The Second Housing Market Collapse Is Upon Us

There's no doubt in my mind we're seeing a second dip in the housing market, considering the $8000 tax credit ended in April. Mortgage activity has all but ceased (but refinance activity has picked up a bit). There are other signs the housing market is softening further, and that we aren't anywhere near the bottom.

We've been in the process of trying to refinance our mortgage, seeing the interest rates are quite favorable. We're planning on a shorter term at a rate a little over 1 point lower than our present mortgage, meaning our monthly payment will be the same, but the mortgage will mature in a third of the time. Others are refinancing in order to reduce their monthly payments. Anyone capable of doing so would be crazy not to. But that doesn't help the housing market in any fashion.

One of my biggest worries about declining housing values is that what equity we do have in our home will dwindle further, if not disappear. While this may seem like an unlikely scenario, it isn't impossible. In fact, it's highly probably.

In the real world, the U.S. housing market has fallen less than half the distance it needed to fall to bring U.S. housing prices back to sane levels. While defining "sanity" is an ever more difficult task in this age of disinformation, let's start by going back to the mid-1990s. It was in the second half of that decade U.S. housing prices began a much steeper incline than previous years, and (depending on whose numbers you look at) U.S. home prices roughly tripled over that span.

I know housing prices in the Northeast have been too high for decades, going back to the first housing bubble during the late 1980's. Prices were going up at a rate many times that of inflation. It didn't help that a group of speculators were helping to drive up housing costs by churning properties (buying from a homeowner then reselling to other speculators to drive up the price) and then dumping them on unsuspecting buyers. It didn't help that a small number of banks were helping the speculators. When the bubble burst right during the 1990 recession, a lot of people found themselves upside down on their mortgages. What made it even worse was that many homeowners lost their jobs, meaning they had no way to make their mortgage payments. A lot of them ended up abandoning their homes, in effect handing the keys over to the bank and telling them “Good luck!”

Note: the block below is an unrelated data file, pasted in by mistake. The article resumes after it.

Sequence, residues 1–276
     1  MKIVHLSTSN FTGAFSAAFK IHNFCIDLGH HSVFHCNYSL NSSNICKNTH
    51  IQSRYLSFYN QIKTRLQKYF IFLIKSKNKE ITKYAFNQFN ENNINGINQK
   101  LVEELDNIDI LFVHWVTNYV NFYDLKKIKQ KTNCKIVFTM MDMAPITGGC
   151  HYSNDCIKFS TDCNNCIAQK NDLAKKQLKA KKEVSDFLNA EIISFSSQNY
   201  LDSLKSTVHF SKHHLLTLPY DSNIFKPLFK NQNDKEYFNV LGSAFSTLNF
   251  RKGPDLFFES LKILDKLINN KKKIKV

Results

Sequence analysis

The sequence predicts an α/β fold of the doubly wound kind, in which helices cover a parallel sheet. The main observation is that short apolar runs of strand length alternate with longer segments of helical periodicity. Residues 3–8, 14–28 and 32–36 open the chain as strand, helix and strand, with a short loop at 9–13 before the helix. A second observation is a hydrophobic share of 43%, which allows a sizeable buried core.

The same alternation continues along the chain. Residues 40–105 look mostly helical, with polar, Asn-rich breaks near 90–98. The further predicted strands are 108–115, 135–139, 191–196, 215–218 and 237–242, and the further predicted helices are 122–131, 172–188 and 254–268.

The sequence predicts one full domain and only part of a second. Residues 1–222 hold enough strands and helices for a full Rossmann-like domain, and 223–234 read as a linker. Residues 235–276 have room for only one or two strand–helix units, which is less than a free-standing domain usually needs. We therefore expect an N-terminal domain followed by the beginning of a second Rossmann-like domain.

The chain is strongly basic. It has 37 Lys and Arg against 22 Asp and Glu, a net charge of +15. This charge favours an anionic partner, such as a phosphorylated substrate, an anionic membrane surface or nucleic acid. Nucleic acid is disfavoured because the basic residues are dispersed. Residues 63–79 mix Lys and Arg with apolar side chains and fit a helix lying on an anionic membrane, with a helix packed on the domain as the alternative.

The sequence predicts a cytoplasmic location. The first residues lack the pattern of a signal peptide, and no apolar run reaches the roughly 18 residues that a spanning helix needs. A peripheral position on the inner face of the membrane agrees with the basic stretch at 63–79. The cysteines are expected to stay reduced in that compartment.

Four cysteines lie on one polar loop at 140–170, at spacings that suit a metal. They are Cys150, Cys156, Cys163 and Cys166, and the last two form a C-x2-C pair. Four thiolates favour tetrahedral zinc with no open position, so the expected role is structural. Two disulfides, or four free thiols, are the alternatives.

Even though prices fell then, they didn't fall to a level that would have reflected the actual value would have been without the bubble.

With this second round of the housing market collapse, is it possible the decades overdue correction is about to take place?

Should U.S. homes fall back to 1970 prices (while U.S. workers earn their 1930's wages), that implies that U.S. home prices will fall more than 75% from today's prices.

Could home prices could fall that much? I don't know. I'm not sure that the quote above is based on actual 1970's prices or inflation adjusted prices. Either way it doesn't bode well for present homeowners.

Should that happen almost anyone with a mortgage would find themselves upside down on their note, which in turn could lead to an even greater round of defaults and walkaways. Those capable of doing so could first buy a house at the greatly reduced price and then let their first home go into foreclosure. (It's being done today in places where real estate values have fallen so much that many homeowners have found their homes to be virtually worthless.) Of course I'm assuming the Frank-Dodd Finance Reform bill doesn't make it through Congress, because if it does pass it's highly unlikely anyone will be able to get mortgages unless they don't need them. And that will only make things even worse in the housing market.

It will be the 1930's all over again.